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In the Wealth of Nations (1776), Scottish economist Adam Smith...

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In the Wealth of Nations (1776), Scottish economist Adam Smith...  [#permalink]

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New post Updated on: 27 Apr 2018, 21:00
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Question 1
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A
B
C
D
E

based on 1159 sessions

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B
C
D
E

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B
C
D
E

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In the wealth of nations (1776), Scottish economist Adam Smith asserted that the propensity of “truck, barter and exchange” was both the foundation of commerce and a given quality of human nature, driven by individual desire. Smith’s view that self-interest dominated the business that emerged in early modern (sixteenth- and seventeenth century) England has had tremendous effects on how such relations have been perceived. Today it is typically assumed, for instance, that the development of business relations weakened the spirit of cooperation that characterized village communities and encouraged a spirit of individualism and self-betterment that ran counter to community interest.

However, such a view fails to account for the language that people in early modern England used to articulate their understanding of business relations, language that stressed credit, trust, obligations, and contracts, rather than self-interest. Throughout this period, most business transactions were conducted on credit—of plain dealing and of the keeping of promises —dominated the way in which business relations were conceived. Individual profit and solvency were important, but neither could be achieved without the trust and direct cooperation of one’s neighbours. As a result, buying and selling, far from breaking up communities, actually created numerous bonds that held villages together.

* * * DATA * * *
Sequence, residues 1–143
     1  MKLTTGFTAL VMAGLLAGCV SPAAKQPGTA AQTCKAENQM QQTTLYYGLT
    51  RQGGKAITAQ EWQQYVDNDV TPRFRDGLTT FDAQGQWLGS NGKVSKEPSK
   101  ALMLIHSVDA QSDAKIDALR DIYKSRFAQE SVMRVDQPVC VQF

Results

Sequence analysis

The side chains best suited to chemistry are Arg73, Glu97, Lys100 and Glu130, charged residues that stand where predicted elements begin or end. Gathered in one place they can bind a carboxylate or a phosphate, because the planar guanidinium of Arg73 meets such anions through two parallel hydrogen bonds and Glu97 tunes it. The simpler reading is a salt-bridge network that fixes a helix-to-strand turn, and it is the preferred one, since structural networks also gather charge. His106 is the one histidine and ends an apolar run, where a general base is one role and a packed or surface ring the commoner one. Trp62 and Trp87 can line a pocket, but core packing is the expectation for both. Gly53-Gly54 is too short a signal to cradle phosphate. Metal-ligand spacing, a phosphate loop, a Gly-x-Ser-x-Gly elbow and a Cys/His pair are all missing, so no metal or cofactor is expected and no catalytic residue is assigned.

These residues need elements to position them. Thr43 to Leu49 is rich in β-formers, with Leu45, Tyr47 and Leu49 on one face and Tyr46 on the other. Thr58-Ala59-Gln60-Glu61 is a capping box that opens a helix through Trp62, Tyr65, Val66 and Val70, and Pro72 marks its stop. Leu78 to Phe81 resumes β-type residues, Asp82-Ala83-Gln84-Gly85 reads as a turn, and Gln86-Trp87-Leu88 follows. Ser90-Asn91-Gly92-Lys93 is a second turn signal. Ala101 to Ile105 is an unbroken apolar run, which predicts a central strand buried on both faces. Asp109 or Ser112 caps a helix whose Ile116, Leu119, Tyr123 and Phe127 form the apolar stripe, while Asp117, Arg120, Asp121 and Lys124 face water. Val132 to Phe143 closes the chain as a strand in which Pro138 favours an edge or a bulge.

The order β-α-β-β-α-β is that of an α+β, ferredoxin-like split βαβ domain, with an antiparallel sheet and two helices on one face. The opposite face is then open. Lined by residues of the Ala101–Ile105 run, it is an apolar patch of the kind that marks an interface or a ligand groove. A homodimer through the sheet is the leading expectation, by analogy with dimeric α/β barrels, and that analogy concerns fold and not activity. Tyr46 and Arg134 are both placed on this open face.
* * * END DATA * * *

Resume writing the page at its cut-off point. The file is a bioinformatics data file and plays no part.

The author of the passage refers to “truck, barter and exchange” in the highlighted text most likely in order to

(A) lend authority to the argument that commerce is characterized by self-interest
(B) identify activities that embody essential qualities of human relationships
(C) indicate the terms Adam Smith used to define business relations
(D) represent the everyday speech used in village communities in England
(E) introduces key terms used in credit transactions in early England



It can be inferred that the author of the passage believes that economic historians whose views have been influenced by Adam Smith have failed to examine which of the following?

(A) The power of business relations to shape moral values and beliefs
(B) The significance of human nature in shaping economic developments and social structure
(C) The importance of village communities in determining the economic well-being of larger society
(D) The consequence of individual communities of changes in a country’s economic structure
(E) The actual language used to by people in village communities to refer to their business dealings



The passage is primarily concerned with which of the following?

(A) Criticizing a theory of human nature
(B) Evaluating the impact of a particular economist on modern theories of economic history
(C) Chronicling the early history of the use of credit in business relations
(D) Reconsidering accepted ideas about the history of business relations
(E) Explaining the decline of cooperation in village communities


Originally posted by DensetsuNo on 26 Jul 2016, 02:43.
Last edited by hazelnut on 27 Apr 2018, 21:00, edited 3 times in total.
fixed typo in passage